Before 1984, the Pintupi Nine lived just as their ancestors had done. Waterholes in this area are often 40km (25 miles) apart or more, and every day was spent walking in the relentless heat from one to another. “Sometimes there was no water, so we would hunt for goanna,” says Yukultji. The blood of these monitor lizards provided vital moisture when a water soak was dry.
The subject of his paintings relates to the ‘Tingari ancestors’, the sacred sites, and water soakages in the Gibson Desert so important to these ancestors and his people.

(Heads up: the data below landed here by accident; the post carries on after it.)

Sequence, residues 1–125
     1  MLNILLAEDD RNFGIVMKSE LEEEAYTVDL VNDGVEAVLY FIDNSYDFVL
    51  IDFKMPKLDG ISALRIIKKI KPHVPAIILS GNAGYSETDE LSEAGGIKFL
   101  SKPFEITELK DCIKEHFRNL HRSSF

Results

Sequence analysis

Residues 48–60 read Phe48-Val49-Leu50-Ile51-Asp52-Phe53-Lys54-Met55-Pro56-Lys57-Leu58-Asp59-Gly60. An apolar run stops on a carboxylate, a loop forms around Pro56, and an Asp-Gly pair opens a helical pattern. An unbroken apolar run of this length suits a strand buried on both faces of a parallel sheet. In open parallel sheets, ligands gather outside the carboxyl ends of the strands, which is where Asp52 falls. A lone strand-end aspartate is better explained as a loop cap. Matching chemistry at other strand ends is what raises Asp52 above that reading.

Images of Pintupi 9 from The Australian (News publication)
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